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So Where Do New Tires Go?

We dig deep try to give a final answer to a confounding and confusing tire question


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An obviously frustrated customer walks up to your service counter and explains that he went to a nearby chain tire store to have two new front tires installed on his front-wheel drive (FWD) minivan.

He was he told that the new tires had to go on the rear if there was a “significant” difference in the tread depth of the new tires compared to the old ones. He wanted to replace only the front tires because he’d experienced a lot of wheel spin during a recent snow storm.

The salesperson inspected the rear tires, estimated they had about 5/32nds of tread remaining (and would have passed a state inspection). Because of the difference in the tread depth, the salesperson said that company policy required that the new tires go on the rear. Believing they were just attempting to force him to buy four tires, he’s now at your store. Is there any reason not to put two new tires on the front of his minivan?


Let’s start with the basics. Since most cars today are FWD and the front tires are responsible for acceleration, steering and most braking, they normally wear faster than the rears. If the tires aren’t rotated on a regular basis, they will typically wear out in pairs and the rear tires will often still have about half of their original tread depth remaining when the front tires are completely worn out.

All-wheel drive (AWD) vehicles may have more even wear rates. Rear-wheel drive (RWD) vehicles and part-time four-wheel drive (4×4) vehicles may wear the rear tires faster.

Your FWD minivan customer’s intuition is that since the front tires wore out first and there is still about half of the tread remaining on the rears, the new tires should be installed on the front axle. Because those are the drive wheels, he believes he’ll get better wet and snow traction; and by the time the front tires have worn out for the second time, the rear tires will be worn out, too.


That same intuition is that the deeper tread of the new tires provides extra protection against a blowout. Most people believe that it’s less dangerous to have a rear tire blowout than a front because they’ll still have steering control with a rear tire blowout.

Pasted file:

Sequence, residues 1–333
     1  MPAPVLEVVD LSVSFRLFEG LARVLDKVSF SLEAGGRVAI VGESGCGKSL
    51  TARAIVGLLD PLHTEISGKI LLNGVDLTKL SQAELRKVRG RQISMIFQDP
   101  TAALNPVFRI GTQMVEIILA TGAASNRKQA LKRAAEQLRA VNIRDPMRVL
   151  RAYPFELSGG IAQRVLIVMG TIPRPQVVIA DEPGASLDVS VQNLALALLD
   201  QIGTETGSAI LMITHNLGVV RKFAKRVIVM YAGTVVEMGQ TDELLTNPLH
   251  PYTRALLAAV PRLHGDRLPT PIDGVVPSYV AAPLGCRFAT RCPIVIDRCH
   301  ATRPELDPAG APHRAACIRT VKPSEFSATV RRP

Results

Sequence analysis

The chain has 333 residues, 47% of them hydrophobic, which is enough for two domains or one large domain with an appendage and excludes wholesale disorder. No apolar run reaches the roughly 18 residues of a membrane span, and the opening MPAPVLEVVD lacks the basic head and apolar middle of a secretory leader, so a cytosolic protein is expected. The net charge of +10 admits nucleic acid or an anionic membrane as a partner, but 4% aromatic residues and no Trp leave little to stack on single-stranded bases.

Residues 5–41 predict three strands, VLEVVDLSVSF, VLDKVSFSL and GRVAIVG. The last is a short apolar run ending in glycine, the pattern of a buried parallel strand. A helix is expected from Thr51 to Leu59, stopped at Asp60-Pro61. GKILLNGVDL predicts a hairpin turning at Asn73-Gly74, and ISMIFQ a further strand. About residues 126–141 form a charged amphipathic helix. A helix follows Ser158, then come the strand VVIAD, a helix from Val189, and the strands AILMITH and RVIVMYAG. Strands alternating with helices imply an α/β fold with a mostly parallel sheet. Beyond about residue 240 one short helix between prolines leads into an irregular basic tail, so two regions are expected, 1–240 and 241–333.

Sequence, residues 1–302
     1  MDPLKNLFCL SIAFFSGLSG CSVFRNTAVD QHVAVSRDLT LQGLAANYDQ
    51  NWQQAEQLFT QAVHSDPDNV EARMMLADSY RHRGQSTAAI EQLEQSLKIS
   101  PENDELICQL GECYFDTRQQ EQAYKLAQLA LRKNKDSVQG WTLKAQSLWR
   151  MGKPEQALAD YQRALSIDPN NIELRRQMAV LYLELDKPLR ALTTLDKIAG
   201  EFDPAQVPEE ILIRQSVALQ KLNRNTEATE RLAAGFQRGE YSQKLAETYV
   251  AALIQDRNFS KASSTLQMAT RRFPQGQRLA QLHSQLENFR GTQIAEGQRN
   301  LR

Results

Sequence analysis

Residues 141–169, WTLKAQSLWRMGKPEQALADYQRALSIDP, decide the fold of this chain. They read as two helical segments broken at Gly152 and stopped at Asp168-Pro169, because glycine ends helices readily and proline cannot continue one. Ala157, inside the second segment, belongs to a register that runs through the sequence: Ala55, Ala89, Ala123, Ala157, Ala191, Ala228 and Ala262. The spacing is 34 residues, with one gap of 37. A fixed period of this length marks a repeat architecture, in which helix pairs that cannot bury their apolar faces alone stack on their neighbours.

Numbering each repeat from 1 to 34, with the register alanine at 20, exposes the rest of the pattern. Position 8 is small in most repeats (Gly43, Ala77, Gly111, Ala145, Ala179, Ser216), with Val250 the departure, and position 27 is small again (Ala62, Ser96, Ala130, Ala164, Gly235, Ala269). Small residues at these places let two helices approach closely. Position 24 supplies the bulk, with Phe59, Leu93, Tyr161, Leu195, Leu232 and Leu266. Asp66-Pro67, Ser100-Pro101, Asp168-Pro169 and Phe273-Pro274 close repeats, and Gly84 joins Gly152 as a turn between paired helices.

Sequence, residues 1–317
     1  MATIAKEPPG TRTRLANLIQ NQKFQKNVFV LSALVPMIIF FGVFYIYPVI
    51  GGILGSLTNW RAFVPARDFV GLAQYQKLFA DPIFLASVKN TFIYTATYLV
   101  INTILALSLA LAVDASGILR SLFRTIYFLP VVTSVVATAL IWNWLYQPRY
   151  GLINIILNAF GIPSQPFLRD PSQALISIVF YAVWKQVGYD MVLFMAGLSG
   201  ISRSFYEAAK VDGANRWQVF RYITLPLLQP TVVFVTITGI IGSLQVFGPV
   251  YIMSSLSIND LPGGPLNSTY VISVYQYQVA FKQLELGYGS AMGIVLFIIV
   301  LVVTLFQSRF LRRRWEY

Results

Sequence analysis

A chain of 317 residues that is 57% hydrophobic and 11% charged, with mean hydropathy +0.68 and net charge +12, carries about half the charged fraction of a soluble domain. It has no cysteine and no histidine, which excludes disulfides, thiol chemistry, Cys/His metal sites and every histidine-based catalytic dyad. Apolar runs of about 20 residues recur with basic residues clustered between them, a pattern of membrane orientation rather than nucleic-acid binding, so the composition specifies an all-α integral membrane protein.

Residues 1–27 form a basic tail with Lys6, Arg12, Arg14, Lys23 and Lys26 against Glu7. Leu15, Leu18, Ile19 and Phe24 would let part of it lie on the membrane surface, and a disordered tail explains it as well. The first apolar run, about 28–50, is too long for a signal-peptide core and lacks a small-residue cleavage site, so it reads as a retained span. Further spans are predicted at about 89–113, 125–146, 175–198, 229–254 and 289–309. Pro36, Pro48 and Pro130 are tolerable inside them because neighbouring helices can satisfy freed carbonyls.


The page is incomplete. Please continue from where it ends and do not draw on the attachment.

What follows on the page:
Unfortunately, intuition is wrong on both counts, and can be downright dangerous for the customer while exposing the tire dealer to significant (and expensive) liability.

Here’s why: In dry, clear weather it really doesn’t make much difference, but in wet conditions having new rubber on the rears makes a huge difference. Tiremakers and major retailers are universal and unequivocal in their recommendations that, if only two tires are being replaced, the two new tires should be installed on the rear axle.


And that goes for FWD, RWD, AWD and even 4x4s.

Grip and Blowouts

The deeper tread of new tires will provide better wet grip and evacuate water more effectively, which delays the onset of hydroplaning. On the rear axle, this will help avoid oversteer and a loss of vehicle stability on wet surfaces. While the worn tires on the front wheels will be more susceptible to hydroplaning, drivers can correct far more easily with new tires in the back. Most drivers quickly recognize the loss of front traction and they instinctively slow down to maintain control. Rear-tire hydroplaning is much harder to correct for and is far more likely to result in oversteer, fishtailing and total loss of vehicle control.


Blowouts are dangerous because they adversely affect a vehicle’s handling. If the blowout is in the rear, there is nothing the driver can do; there is virtually no way to control the fishtailing rear end of the car. But a driver can better counteract the effect of the blowout in front because he can maneuver the front wheels. The control is far from perfect, but it’s not the wild ride that results from a high-speed rear tire failure.

The Internet is full of videos of tests by professional and amateur drivers where sprinklers spew “rain” on the course to induce hydroplaning, which occurs when the tire cannot pass enough water through its tread to maintain effective contact with the road. The onset of hydroplaning varies with water depth, vehicle weight and speed, as well as tire size, air pressure, tread design and tread depth.